I came to London five years ago, primarily to find work, after graduating from Concordia University in Quebec. Soon after arriving, I opened a modest ceramic studio in Peckham, South London, and eventually started working as an assistant to a graduate from the RCA Hitomi Hosono, who encouraged me to apply here, and even wrote my reference. After my interview I was offered a scholarship – the Charlotte Fraser award – which pays for my fees. I’m very grateful for that!Why did you decide to study at the RCA?
I wanted to push myself, as well as to understand the ceramics network and see how I could learn from it. I also wanted to give my work more context. Previously, I had been working on sculptural jewellery, which doesn’t fit easily into a particular practice.Has there been a project that you have found particularly useful or inspiring?
In the first year, you are set a series of specific briefs that are designed, I think, to push people out of their comfort zones. I took the project with the V&A quite seriously and worked closely with the RCA’s jewellery and electronics technicians to make a mechanical sculpture. It was great to feel that I had the support for whatever I wanted to do.
During the first year, we also had a competition set by the Worshipful Company of Tin Plate Makers in London. I won that competition, with the set of pottery tools I created looking at ornament in utilitarian objects. That was very encouraging!What have you found to be the main differences between your BA and the MA?
For me, it’s mainly about the support system. We have one-to-one tutorials where we discuss our personal ideas. That’s not something I previously had access to. The number of public lectures that are available College-wide is also brilliant, and I’m very fond of the open access policy of the RCA, and being able to cross over into different programmes. For the tin project, for example, I used the welding machine in Jewellery & Metal, and the fly-press in Sculpture to crush my minerals.
Another thing that sets this MA apart is the success that the tutors have had in their personal careers – both the faculty and the students have an immense amount of drive and ambition.Has your work changed or developed while you have been at the RCA?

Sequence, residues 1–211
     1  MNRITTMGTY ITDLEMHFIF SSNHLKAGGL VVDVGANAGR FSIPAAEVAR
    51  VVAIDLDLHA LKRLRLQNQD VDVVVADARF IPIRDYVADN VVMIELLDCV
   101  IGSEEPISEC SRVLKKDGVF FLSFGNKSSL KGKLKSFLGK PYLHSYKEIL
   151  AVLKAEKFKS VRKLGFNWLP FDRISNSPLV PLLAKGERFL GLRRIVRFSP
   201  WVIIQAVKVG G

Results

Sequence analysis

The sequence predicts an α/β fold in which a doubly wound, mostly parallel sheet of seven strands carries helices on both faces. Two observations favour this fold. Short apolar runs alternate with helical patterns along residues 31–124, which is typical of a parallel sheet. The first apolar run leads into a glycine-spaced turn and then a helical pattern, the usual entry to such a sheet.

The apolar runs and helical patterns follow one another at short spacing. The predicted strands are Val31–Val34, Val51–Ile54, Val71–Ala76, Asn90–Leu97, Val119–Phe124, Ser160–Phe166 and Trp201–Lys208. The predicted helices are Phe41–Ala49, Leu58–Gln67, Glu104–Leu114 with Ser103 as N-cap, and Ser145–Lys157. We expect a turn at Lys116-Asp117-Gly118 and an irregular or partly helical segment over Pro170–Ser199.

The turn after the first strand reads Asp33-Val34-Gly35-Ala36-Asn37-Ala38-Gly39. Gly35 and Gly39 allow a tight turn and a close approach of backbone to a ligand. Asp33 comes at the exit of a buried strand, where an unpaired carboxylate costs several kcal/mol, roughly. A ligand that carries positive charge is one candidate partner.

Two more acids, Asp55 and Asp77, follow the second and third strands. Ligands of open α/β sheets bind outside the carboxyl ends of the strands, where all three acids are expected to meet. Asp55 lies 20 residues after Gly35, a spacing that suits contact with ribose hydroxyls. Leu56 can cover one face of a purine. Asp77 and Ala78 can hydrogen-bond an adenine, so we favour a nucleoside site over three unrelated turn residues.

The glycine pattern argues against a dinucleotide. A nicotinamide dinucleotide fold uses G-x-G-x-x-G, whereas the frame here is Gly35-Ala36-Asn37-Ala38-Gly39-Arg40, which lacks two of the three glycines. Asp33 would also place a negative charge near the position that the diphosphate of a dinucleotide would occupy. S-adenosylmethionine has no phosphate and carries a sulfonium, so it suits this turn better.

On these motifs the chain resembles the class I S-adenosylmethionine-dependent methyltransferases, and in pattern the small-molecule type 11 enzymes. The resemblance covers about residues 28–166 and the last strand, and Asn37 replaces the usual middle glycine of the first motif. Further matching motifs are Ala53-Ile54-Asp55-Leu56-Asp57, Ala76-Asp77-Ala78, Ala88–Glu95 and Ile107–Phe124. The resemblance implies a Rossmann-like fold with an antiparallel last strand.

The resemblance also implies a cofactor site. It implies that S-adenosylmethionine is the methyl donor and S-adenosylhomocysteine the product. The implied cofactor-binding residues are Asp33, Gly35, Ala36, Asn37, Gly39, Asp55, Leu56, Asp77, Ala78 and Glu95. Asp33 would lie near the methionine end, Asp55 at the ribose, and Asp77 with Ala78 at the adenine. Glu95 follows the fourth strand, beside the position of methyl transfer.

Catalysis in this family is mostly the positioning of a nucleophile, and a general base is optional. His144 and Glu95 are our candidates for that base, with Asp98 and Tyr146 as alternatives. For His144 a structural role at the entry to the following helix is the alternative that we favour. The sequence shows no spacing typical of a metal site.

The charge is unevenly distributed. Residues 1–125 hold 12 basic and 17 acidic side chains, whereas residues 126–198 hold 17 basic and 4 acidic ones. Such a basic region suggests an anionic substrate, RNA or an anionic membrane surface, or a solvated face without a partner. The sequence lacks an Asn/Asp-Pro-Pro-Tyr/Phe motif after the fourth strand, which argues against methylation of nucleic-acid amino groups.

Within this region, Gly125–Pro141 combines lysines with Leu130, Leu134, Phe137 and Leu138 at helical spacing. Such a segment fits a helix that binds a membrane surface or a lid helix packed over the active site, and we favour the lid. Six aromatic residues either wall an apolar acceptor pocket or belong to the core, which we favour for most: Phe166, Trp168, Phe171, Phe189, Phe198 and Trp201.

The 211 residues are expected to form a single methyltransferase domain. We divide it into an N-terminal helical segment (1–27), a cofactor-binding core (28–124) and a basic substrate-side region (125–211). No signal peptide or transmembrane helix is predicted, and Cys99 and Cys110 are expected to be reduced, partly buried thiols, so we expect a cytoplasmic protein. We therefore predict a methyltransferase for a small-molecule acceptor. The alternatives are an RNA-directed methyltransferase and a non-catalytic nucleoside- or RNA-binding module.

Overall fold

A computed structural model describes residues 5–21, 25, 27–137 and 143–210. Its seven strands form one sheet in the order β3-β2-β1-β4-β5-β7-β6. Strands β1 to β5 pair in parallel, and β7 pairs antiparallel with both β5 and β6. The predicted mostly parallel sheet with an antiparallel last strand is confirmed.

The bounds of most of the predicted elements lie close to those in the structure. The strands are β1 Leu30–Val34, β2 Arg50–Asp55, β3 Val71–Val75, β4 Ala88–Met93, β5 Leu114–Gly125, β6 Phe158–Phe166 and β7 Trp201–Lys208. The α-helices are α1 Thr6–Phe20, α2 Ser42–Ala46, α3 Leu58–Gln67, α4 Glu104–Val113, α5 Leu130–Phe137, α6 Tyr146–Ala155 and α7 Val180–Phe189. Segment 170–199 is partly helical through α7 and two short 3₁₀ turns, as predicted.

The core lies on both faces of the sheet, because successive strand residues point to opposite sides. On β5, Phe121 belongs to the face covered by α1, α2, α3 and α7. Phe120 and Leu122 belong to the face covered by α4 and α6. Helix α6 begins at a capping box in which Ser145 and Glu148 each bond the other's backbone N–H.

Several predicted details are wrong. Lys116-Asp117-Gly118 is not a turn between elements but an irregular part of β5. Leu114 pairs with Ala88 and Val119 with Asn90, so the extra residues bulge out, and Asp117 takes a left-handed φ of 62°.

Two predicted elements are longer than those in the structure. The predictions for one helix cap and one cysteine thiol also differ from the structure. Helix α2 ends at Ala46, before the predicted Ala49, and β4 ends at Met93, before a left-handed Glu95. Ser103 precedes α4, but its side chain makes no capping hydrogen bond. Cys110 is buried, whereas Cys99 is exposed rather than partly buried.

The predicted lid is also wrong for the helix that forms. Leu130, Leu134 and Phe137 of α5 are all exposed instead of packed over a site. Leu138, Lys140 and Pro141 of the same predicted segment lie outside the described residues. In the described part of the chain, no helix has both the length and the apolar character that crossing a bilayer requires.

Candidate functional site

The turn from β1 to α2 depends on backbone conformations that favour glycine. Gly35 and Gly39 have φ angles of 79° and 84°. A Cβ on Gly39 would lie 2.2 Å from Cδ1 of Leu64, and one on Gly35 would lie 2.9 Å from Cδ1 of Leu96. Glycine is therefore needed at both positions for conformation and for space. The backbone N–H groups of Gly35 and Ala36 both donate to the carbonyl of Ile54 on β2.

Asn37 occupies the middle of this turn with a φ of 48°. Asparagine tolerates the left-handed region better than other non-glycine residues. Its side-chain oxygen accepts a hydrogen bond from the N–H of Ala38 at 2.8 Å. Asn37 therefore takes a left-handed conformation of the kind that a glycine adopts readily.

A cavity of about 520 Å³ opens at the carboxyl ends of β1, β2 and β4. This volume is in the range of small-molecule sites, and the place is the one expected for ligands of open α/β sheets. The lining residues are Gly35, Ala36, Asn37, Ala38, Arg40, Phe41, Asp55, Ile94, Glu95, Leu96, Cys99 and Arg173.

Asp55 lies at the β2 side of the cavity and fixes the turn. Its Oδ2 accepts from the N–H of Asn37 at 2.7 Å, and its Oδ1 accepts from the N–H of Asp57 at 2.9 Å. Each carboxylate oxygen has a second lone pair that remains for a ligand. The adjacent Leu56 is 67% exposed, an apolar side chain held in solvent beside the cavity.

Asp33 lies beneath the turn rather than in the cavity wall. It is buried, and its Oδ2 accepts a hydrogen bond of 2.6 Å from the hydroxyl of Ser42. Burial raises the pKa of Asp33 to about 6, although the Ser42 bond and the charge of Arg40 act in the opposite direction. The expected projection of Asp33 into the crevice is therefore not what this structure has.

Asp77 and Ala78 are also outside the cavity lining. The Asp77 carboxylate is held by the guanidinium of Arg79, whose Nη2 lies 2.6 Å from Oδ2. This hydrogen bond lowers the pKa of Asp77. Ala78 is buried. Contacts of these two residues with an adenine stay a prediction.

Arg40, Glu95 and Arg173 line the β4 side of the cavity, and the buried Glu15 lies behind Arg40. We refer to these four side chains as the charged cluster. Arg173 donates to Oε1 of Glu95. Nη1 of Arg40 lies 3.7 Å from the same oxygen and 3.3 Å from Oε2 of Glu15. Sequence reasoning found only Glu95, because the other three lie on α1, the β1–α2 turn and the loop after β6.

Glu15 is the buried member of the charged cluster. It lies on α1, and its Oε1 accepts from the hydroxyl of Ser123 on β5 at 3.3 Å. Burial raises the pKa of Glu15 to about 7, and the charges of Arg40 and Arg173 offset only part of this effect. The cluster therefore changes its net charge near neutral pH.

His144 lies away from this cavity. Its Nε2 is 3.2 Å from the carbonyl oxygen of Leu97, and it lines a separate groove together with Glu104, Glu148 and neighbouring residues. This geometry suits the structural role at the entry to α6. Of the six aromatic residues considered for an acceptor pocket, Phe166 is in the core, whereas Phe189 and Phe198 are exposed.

Yes. I think the briefs set in the first year have had a huge part to play in what I'm doing now. The network of students here has also been very important. I've gained so much knowledge from my co-students. I don't think my work would have developed in the same way without them.What is the mix of students like?
It is a very diverse group. We have students on the programme who have never studied ceramics, including artists who might already be very successful in their own field. Everyone arrives with a different knowledge base. We’re all quite open about what we’re doing, and while there aren’t a lot of collaborations per se, there is always a lot of support and encouragement. The criticism, whether it’s expected or unexpected, always leads to new discoveries.What have you found most rewarding about your time at the RCA, so far?
I think that what I have found to be most rewarding is having access to a ceramic community that includes not only people in the programme, but also RCA alumni and the RCA’s professional contacts.How do you see your work developing this year?
My latest project was inspired by Lucio Fontana’s painting The Moon in Venice. At the moment, I feel like a gem-maker from Victorian London. I am using my knowledge of jewellery and ceramics to adorn sculpture, combining the microscopic elements of jewellery with the macroscopic elements of sculpture in order to push the limits of both.
"After my interview I was offered a scholarship – the Charlotte Fraser award – which pays for my fees. I’m very grateful for that!"